887 F2d 149 Clark v. Crown Construction Company

887 F.2d 149

Paul D. CLARK, Petitioner,
v.
CROWN CONSTRUCTION COMPANY, Respondent,
v.
DIRECTOR, OFFICE OF WORKERS' COMPENSATION PROGRAMS, U.S.
DEPARTMENT OF LABOR, Party-in-Interest.

No. 88-2275.

United States Court of Appeals,
Eighth Circuit.

Submitted March 16, 1989.
Decided Oct. 6, 1989.
Rehearing Denied Dec. 7, 1989.


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1

Roger T. Jeremiah, Fort Smith, Ark., for appellant.

2

Kendall B. Jones, Ft. Smith, Ark., for appellee.

3

Before FAGG and BEAM, Circuit Judges, and DUMBAULD*, Senior District Judge.

4

DUMBAULD, Senior District Judge.

5

Appellant seeks review of a decision of the Benefits Review Board in the Department of Labor denying his claim for "black lung" benefits based upon his work as a truck driver loading and hauling coal.1 We affirm.

6

It will be helpful to discuss briefly in limine this Court's jurisdiction over this type of case.2 "Black lung" (pneumoconiosis) was first recognized as a disabling and deadly disease by the Coal Mine Safety and Health Act of December 30, 1969, 83 Stat. 742, 792. At first claims were handled by the Department of Health, Education, and Welfare3 under its procedures for dealing with disability and death claims under Social Security laws. "By 1972, however, the record of the Social Security Agency of the Department of Health, Education and Welfare in processing and disposing of pneumoconiosis claims was anything but satisfactory to Congress." Begley v. Mathews, 544 F.2d 1345, 1347 (6th Cir.1976). Accordingly, the Black Lung Benefits Act of May 19, 1972, 86 Stat. 155, 156-57, was enacted. It liberalized the criteria for granting benefits, and also sought to expedite disposition of the backlog of pending claims. It provided a new system for administration.4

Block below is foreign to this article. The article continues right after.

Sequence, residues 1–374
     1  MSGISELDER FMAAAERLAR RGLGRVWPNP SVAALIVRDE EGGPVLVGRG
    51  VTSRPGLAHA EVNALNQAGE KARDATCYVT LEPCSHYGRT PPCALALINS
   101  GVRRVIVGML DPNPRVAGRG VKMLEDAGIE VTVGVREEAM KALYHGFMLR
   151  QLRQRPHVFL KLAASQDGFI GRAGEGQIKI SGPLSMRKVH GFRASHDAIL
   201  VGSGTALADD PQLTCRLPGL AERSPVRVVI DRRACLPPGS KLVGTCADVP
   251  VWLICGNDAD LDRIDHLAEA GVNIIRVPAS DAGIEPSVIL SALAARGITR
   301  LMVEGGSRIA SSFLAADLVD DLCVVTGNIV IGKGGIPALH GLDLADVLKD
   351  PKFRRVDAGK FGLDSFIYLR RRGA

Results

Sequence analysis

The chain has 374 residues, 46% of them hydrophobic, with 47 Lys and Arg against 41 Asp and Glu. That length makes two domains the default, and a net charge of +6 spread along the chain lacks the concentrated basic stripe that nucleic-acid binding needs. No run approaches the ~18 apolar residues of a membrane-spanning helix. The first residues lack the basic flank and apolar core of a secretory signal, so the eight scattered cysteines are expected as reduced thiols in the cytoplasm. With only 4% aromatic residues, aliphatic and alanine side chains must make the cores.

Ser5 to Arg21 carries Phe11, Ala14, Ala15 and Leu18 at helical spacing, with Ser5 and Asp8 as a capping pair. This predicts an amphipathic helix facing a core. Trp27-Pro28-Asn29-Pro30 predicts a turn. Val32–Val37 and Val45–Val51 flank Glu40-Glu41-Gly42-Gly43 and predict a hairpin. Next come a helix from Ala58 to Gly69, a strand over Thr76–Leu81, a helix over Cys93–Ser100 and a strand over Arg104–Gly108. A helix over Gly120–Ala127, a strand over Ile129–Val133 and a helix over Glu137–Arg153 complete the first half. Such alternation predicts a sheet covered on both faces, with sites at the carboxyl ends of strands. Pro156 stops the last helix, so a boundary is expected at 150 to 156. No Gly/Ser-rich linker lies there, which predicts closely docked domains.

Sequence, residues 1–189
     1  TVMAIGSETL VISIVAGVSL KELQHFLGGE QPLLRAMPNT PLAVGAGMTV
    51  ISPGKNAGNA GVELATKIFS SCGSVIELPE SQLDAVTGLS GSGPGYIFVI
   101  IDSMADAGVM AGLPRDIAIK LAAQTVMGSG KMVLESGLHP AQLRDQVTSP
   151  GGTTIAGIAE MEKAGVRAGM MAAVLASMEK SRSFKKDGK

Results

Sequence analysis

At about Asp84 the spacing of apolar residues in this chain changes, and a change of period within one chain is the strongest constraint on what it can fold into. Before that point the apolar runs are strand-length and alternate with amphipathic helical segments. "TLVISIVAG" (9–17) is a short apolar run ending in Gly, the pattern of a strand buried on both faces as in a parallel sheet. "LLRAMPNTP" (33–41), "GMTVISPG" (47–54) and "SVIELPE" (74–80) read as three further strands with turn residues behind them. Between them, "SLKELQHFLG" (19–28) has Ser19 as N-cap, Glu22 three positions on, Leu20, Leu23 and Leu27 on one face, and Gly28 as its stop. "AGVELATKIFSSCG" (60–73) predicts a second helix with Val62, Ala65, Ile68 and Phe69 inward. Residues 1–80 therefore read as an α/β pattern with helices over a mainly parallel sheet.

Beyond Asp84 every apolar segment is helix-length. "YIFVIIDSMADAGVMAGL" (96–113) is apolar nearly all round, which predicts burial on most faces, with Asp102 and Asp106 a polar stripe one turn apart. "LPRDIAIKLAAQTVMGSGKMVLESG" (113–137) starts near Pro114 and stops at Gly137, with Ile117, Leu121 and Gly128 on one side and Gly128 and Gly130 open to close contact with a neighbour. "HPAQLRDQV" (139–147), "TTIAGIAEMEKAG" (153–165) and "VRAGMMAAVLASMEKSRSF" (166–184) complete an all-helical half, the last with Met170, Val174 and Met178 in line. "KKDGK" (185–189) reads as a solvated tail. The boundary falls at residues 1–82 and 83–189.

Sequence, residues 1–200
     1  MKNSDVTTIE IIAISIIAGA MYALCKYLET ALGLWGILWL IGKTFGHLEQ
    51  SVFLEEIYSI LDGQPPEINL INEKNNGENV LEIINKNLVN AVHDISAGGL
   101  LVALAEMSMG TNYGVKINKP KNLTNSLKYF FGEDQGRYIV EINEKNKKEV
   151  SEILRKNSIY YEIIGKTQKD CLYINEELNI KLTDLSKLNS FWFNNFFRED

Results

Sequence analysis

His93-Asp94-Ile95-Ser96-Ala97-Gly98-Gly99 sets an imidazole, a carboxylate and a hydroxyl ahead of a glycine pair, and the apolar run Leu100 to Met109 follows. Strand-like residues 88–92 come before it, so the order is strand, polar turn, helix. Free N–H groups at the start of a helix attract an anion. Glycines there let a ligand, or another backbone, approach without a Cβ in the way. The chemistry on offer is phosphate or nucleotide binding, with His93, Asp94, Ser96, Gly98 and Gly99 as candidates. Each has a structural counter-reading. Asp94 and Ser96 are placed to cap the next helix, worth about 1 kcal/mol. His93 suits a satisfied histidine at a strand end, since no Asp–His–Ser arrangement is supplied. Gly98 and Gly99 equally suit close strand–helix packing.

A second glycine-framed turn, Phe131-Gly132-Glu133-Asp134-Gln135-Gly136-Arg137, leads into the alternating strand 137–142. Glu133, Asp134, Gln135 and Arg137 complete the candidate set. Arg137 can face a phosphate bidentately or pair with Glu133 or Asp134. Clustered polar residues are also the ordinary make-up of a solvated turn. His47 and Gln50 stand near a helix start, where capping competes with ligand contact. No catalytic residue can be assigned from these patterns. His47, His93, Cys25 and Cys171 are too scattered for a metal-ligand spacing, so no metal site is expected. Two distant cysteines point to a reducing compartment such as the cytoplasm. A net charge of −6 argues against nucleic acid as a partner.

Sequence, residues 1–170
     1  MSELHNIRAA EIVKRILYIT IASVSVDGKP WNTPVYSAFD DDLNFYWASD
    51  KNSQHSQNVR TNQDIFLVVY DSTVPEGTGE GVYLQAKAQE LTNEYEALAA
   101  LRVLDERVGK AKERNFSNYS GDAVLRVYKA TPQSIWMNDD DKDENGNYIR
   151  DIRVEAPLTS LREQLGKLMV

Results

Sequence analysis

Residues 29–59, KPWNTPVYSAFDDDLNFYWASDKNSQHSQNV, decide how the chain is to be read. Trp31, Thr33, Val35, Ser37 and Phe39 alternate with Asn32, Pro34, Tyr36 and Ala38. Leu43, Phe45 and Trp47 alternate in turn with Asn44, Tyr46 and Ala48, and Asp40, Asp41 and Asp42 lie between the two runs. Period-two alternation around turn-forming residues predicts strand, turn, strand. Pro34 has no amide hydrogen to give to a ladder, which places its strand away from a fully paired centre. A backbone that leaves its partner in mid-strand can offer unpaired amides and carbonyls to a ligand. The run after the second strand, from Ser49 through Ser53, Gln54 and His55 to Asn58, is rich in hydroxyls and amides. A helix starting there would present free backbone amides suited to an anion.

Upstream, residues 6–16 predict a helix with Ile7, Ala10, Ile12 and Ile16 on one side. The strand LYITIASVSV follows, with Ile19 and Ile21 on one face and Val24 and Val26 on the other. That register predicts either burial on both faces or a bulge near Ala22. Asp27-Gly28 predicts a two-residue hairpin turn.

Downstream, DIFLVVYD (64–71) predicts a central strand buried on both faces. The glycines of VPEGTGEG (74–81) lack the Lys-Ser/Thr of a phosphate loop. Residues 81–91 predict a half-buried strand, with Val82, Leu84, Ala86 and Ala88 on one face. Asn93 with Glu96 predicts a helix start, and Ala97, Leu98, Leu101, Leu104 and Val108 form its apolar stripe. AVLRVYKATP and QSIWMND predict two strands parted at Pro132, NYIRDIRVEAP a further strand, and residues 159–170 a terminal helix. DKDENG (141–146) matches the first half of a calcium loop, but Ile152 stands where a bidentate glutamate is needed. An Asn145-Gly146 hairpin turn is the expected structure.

7

Ultimately, it was the design of Congress (pneumoconiosis being recognized as an occupational disease indigenous to the coal industry, the burden of compensation for which should be borne by the companies engaged in that business), that claims were to be handled under State workmens' compensation laws when such laws were listed by the federal Secretary of Labor as providing adequate benefits for victims of the disease.5 Meanwhile, pending the establishment of such a list, benefits were to be paid by the Secretary of Labor with respect to claims filed between July 1 and December 31, 1973, although such claims might be filed as before with H.E.W. and transferred to the Department of Labor for handling.6


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8

In determining such interim claims under Section 415 (known as Title IV, part C claims) the Secretary of Labor "shall, to the extent appropriate, follow the procedures described in sections 19(b), (c), and (d) of Public Law 803, 69th Congress (44 Stat. 1424, approved March 4, 1927), as amended."7 It will be noted that this provision relates only to procedures before the Secretary of Labor, and says nothing about the mode of judicial review of the Secretary's determinations.

9

Apparently of crucial significance in interpreting the statutory scheme8 for judicial review of black lung determinations is the following provision found in Section 422(a) of the 1969 Act:

10

During any period after December 31, 1972, in which a State workmen's compensation law is not included on the list published by the Secretary under Sec. 421(b) of this part, the provisions of Public Law 803, 69th Congress (44 Stat. 1424, approved March 4, 1927), as amended (other than the provisions contained in sections 1, 2, 3, 4, 7, 8, 9, 10, 12, 13, 29, 30, 31, 32, 33, 37, 38, 41, 43, 44, 45, 46, 47, 48, 49, and 51 thereof) shall (except as otherwise provided in this subsection and except as the Secretary shall by regulation otherwise provide ), be applicable to each operator of an underground coal mine in such State with respect to death or total disability due to pneumoconiosis arising out of employment in such mine.9